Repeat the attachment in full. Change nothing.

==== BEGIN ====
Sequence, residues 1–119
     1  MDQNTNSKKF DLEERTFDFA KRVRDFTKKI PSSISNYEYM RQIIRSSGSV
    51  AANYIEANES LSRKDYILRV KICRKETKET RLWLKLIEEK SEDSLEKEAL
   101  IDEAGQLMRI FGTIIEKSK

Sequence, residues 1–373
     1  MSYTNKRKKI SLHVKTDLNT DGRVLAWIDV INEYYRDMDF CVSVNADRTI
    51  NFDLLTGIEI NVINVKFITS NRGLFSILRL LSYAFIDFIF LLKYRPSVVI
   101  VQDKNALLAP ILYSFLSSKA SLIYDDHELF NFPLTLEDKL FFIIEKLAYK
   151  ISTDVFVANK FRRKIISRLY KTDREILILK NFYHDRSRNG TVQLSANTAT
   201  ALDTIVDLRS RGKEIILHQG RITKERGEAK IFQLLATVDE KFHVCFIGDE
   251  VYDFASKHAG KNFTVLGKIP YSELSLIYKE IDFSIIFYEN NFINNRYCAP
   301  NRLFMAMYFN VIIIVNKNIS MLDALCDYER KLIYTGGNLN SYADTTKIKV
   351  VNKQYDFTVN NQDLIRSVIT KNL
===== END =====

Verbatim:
Sequence, residues 1–119
     1  MDQNTNSKKF DLEERTFDFA KRVRDFTKKI PSSISNYEYM RQIIRSSGSV
    51  AANYIEANES LSRKDYILRV KICRKETKET RLWLKLIEEK SEDSLEKEAL
   101  IDEAGQLMRI FGTIIEKSK

Sequence, residues 1–373
     1  MSYTNKRKKI SLHVKTDLNT DGRVLAWIDV INEYYRDMDF CVSVNADRTI
    51  NFDLLTGIEI NVINVKFITS NRGLFSILRL LSYAFIDFIF LLKYRPSVVI
   101  VQDKNALLAP ILYSFLSSKA SLIYDDHELF NFPLTLEDKL FFIIEKLAYK
   151  ISTDVFVANK FRRKIISRLY KTDREILILK NFYHDRSRNG TVQLSANTAT
   201  ALDTIVDLRS RGKEIILHQG RITKERGEAK IFQLLATVDE KFHVCFIGDE
   251  VYDFASKHAG KNFTVLGKIP YSELSLIYKE IDFSIIFYEN NFINNRYCAP
   301  NRLFMAMYFN VIIIVNKNIS MLDALCDYER KLIYTGGNLN SYADTTKIKV
   351  VNKQYDFTVN NQDLIRSVIT KNL